Q: A family member was recently diagnosed with sickle-cell disease. What should I know about the disease?
A: Sickle-cell disease is the most common genetic disorder in the United States, affecting about 1,000 newborns every year. It is often thought of as a disease of African Americans, but it's also found in other races.
To have the disease, both parents must carry the sickle-cell trait, which causes red blood cells to be abnormally shaped and get stuck inside the blood vessels, making it hard to deliver oxygen throughout the body.
Patients are at risk for stroke, eye disease, gallstones, bacterial infections, and anemia, among other health issues.
Identifying sickle-cell disease in infancy can prevent serious complications. In the U.S., every baby is tested for sickle cell disease as part of the newborn screening.
It is essential that children and adults who are diagnosed with sickle-cell disease have a comprehensive care team that includes primary-care physicians, hematologists, pediatricians, nurses, and social workers.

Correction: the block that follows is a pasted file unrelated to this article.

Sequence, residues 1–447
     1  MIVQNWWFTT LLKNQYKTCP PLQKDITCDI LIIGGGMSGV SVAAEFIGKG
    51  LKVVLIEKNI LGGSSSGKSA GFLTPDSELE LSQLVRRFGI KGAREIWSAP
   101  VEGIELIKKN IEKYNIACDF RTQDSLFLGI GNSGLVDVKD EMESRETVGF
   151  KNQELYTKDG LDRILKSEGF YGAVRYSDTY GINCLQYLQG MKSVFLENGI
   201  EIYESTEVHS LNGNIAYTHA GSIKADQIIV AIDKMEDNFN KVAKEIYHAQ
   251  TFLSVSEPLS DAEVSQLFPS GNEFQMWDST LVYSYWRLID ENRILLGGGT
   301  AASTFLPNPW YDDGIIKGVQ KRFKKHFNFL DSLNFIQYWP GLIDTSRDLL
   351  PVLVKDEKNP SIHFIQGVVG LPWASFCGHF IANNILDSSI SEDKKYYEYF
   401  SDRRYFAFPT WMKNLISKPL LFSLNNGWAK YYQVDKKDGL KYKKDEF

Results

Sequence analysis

Twenty years ago, children with sickle-cell disease rarely lived to adulthood. Today, the outlook for patients has improved significantly with blood transfusions and medication. Some patients can even be cured with a bone marrow (also called stem-cell) transplant. The best success has come from donors who are siblings, and whose genetic makeup matches the patient's.
The best ways to manage sickle cell disease include:
Regular checkups and screenings and following prescribed treatment plans.
Infection prevention with up-to-date vaccinations and frequent hand-washing.
Healthy habits such as drinking eight to 10 glasses of water a day and eating healthy foods.
Joseph Tropea, DO, is a hematologist/medical oncologist at Our Lady of Lourdes Medical Center in Camden, and Lourdes Medical Center of Burlington County in Willingboro.